After reading several articles and watching the news today it came to light one of the major issues with the NHS, and in the words of a top consultant its not about money or staff. he required more space to be able to treat more people.
So Money Means More Space?
So you may be thinking, well surely more money buys more space. The simple answer to that is no. The problem in reality is that the space available is being taken up by two types of people.
- Elderly – The elderly who have no onward care arranged and hence stay in hospital for longer than necessary, these are know as ‘Bed Blockers’. This title is a bit harsh on someone who has no other choice than to be in hospital.
- Minor Injuries – These are the people who attend the hospital particularly Accident and Emergency for minor ailments.
So as you can see simple from the 2 types of patients above the NHS is stretched, using more resources and man power to cope in areas they should not even have patients. Removing some of these patients means more space and resources to help people.
I will concentrate on the second of the two types of the minor injuries and I will write another post dedicated to the elderly and their care needs later on.
Several years ago the government introduced different levels of NHS care and in particular the whole idea of self care for minor ailments and NHS direct if you need to speak to a health care professional.
To use this service you dial 111 instead of 999 and you can speak to someone about your problem.
Now the huge issue with this service is that, its a support service and requires other service for some of the outcome of the advice. Granted some advice will be very much self help, but in alot of case you require actual medical treatment.
What you mean 111 cant help me?
Picture the scenario. Its 7pm on Saturday night, a time when the hospital Accident and Emergency departments are getting busy due to weekend demand. You need medical advice about a minor issue so you call 111, as being responsible you know 999 is only for life threatening emergencies. After talking to the people at NHS Direct, they realise you need further medical assistance.
As it is now 8pm at night the options are somewhat limited, depending on what your issue is and as long as its not life threatening, the team at NHS Direct can either tell you to go to an walk in centre or if its an issue you can solve yourself and need something for they may direct you to a local medical centre to pick up something. However in most cases their only option is to refer you to the hospital and that means the Accident and Emergency department. Who we know at this time are busy dealing with tons of people.
NHS Choices are too Ambiguous
As you can see from the NHS chart, some ailments are pretty straightforward, such as headaches. However when you start moving up the scale to things like vomiting, sprains, cuts etc, it all becomes a grey area. The advice is contact your GP, but what do you do if your GP is closed. Some people call NHS Direct (who most likely direct you to Accident and Emergency) and some people just go straight to A&E.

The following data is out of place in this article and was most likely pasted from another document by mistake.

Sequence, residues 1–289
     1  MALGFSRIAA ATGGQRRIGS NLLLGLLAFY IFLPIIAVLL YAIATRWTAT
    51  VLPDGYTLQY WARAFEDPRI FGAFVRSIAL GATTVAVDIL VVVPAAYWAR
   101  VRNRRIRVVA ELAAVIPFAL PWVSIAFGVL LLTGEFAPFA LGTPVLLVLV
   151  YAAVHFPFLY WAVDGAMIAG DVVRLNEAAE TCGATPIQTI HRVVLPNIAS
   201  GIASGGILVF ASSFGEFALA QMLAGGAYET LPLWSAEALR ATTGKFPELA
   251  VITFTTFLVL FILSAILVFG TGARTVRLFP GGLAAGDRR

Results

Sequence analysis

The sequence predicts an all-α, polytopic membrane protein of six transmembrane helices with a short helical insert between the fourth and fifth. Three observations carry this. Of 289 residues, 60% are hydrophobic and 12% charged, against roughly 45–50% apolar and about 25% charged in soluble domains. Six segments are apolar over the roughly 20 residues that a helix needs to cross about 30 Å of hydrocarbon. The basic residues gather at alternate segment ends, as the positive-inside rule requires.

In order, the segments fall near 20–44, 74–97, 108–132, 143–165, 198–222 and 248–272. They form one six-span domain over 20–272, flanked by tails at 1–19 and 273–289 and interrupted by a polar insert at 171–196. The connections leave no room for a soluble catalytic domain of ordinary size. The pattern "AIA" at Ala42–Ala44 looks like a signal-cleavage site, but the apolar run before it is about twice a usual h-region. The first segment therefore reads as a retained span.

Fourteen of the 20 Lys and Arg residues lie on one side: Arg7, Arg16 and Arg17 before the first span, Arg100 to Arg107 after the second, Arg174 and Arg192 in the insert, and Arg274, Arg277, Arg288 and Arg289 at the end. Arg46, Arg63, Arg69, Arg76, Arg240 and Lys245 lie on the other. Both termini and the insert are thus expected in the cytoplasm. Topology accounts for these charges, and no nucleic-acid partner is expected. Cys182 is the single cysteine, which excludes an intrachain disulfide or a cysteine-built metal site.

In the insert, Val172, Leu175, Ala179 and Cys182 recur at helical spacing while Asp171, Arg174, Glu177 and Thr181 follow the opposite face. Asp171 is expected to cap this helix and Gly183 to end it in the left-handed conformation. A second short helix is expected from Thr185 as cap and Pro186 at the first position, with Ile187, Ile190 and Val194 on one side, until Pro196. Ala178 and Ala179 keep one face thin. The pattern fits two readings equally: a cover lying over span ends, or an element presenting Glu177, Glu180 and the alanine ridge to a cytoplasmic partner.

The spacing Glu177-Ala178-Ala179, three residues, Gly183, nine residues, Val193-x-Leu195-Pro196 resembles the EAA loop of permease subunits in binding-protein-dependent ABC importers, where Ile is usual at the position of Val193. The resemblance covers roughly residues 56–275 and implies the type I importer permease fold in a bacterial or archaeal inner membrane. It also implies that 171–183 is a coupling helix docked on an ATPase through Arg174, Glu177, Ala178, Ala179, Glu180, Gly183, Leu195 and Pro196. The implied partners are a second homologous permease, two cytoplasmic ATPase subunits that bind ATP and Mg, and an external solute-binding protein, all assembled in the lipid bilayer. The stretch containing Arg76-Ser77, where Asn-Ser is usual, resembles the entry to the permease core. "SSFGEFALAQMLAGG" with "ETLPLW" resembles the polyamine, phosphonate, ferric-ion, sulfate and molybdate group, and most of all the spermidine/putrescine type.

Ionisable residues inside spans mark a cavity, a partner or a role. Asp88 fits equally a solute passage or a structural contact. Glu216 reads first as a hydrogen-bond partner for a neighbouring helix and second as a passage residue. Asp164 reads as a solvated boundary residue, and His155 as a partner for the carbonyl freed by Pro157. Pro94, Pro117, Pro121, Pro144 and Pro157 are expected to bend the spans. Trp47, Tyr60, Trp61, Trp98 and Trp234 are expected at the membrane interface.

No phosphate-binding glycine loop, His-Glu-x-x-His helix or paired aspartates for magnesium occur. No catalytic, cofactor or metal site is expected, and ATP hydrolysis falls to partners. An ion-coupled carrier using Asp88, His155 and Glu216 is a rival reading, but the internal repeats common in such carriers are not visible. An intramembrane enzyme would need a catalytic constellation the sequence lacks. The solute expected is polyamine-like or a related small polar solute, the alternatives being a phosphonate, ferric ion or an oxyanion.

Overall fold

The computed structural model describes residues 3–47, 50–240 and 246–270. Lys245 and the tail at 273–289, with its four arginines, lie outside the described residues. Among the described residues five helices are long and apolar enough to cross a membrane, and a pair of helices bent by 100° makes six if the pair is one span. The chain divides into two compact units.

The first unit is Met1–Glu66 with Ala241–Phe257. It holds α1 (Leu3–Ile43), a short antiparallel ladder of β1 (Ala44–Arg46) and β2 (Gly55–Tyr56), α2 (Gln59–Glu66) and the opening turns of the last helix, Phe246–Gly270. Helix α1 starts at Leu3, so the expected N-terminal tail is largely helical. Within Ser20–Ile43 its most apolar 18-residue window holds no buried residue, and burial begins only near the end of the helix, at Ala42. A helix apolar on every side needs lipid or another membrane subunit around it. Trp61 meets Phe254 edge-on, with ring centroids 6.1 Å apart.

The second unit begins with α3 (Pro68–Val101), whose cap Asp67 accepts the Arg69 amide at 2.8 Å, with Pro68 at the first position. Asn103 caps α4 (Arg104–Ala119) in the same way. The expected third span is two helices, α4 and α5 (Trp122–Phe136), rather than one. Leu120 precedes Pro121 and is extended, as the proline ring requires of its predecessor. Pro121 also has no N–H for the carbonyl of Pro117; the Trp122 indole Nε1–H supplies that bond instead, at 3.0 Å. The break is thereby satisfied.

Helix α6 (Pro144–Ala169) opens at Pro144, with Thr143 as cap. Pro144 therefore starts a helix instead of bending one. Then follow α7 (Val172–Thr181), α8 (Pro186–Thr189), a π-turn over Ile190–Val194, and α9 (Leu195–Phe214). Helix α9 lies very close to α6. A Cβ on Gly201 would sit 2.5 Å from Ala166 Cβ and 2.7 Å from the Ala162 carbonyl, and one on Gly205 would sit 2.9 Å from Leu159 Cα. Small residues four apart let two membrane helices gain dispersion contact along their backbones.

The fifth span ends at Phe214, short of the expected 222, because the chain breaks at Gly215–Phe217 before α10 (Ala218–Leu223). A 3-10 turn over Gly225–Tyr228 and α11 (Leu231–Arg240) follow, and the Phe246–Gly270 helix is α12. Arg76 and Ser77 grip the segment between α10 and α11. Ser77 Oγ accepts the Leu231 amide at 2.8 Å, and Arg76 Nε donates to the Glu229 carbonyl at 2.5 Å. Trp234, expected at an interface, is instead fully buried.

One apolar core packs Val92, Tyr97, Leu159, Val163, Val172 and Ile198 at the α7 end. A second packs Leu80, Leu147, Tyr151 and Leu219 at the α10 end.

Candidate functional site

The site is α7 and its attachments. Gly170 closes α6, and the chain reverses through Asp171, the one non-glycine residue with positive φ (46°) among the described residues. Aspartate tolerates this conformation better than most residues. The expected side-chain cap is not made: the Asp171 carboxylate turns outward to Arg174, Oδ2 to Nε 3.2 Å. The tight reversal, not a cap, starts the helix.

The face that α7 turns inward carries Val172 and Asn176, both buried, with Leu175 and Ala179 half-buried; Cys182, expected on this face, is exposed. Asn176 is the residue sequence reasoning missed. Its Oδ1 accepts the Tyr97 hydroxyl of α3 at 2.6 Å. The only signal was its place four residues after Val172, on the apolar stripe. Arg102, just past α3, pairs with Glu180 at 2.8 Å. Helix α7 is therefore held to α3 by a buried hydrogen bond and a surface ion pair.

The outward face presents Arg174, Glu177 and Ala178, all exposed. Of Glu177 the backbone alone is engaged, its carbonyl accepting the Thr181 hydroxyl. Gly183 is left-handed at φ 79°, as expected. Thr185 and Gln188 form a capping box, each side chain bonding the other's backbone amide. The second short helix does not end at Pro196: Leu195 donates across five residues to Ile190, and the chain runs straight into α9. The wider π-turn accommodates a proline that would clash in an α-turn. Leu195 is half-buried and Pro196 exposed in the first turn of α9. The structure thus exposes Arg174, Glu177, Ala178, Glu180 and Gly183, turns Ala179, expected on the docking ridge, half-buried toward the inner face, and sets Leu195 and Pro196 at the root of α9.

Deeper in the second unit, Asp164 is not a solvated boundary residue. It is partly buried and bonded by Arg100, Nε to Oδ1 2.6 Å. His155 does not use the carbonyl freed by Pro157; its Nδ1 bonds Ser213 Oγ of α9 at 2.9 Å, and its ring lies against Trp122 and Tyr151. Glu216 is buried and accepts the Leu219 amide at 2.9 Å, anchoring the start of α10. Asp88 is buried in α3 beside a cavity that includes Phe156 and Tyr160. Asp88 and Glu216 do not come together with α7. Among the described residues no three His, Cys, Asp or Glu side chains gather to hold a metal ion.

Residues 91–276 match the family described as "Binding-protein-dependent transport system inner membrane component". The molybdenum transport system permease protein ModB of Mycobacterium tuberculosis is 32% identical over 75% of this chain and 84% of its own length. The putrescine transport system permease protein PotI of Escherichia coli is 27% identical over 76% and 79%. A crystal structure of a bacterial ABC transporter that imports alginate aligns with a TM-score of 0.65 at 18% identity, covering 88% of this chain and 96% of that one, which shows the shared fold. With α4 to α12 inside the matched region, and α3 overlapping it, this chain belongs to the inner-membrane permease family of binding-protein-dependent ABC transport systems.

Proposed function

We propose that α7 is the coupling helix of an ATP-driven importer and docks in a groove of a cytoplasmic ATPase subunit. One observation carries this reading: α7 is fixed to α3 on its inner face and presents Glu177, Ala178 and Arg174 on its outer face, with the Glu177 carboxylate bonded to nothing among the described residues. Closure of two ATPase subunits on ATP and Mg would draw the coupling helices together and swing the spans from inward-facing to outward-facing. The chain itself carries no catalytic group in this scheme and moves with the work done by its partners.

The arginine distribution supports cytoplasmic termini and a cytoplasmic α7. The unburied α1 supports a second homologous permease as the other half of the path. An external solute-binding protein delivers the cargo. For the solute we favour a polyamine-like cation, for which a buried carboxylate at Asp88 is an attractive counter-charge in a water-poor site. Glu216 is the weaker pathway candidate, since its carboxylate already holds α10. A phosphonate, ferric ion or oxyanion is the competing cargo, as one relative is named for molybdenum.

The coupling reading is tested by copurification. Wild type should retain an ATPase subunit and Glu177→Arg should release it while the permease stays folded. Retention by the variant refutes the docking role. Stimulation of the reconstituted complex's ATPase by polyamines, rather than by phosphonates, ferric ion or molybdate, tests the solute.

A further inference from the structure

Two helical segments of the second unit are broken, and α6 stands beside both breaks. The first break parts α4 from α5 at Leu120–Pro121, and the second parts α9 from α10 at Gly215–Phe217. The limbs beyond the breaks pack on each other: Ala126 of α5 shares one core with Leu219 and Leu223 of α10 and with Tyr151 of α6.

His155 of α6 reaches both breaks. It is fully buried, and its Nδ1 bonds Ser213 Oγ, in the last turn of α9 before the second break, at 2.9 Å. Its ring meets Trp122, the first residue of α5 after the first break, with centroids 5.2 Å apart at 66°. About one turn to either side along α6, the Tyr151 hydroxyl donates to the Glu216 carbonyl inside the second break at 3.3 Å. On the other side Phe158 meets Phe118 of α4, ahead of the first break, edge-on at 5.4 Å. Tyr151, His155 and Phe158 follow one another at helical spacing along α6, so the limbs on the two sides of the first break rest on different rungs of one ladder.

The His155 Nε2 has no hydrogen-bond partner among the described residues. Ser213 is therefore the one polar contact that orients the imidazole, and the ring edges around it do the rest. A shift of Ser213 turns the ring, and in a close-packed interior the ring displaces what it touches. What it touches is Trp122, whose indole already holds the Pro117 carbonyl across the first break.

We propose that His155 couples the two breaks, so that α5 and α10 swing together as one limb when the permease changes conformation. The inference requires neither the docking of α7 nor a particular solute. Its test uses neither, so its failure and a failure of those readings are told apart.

Even the NHS themselves in their own guidelines advise on using a Minor Injury and Illness Unit or Walk in Centre. But what do you do if you don’t have one near by. Yep you guessed it go to Accident and Emergency.
So what is the answer. Well the answer in short is kinda two fold.
More GP Surgeries Open Late
We need more GP surgeries operating longer hours, that way not only would people with none emergency issues be able to contact their own GP for advice and assistance, but the people at NHS Direct would also be able to direct you to a local GP and not to A&E.
This would require more funding for the GP surgeries, but its cheaper to fund a local GP surgery after hours than it is to fund a hospital Accident and Emergency unit. Meaning in reality we would get more services for less money than we are spending now.
More Local Walk in Centres / Urgent Care Centres
Part of the problem is we do not have enough local services in the UK, some big towns and cities have walk in centres. These are in essence run by GPs and nurses and are open 24/7. Think of them as a mini hospital if you will, but without the huge price tag.
One solution to this shortage and provide the man power for these centres, would be to operate a rota system between GP surgeries in each area. Rotating around being available 24/7. This way when you contact NHS Direct they can direct you to a local GP Surgery and not to the Accident and Emergency Department, and if the local GP feels you need to go to hospital after seeing you then you may actually need to go to A&E.
This would work the same way in some areas a local pharmacy is open longer making GP surgery hours. Operating on a rota between other pharmacies to allow patients to pick up prescriptions the same day.
A GP surgery 24/7 is much cheaper than a hospital.
By operating more local services, we can cut down on the amount of demand for Accident and Emergency. Make it clearer for people as to which service they need for their problem. Removing one big issue at present as the choice is too ambiguous. Leaving a lot of people heading straight for A&E.
These solutions would require a move of services, but would bring huge savings as local services run correctly are cheaper and more effective than what we currently have. Which is not working.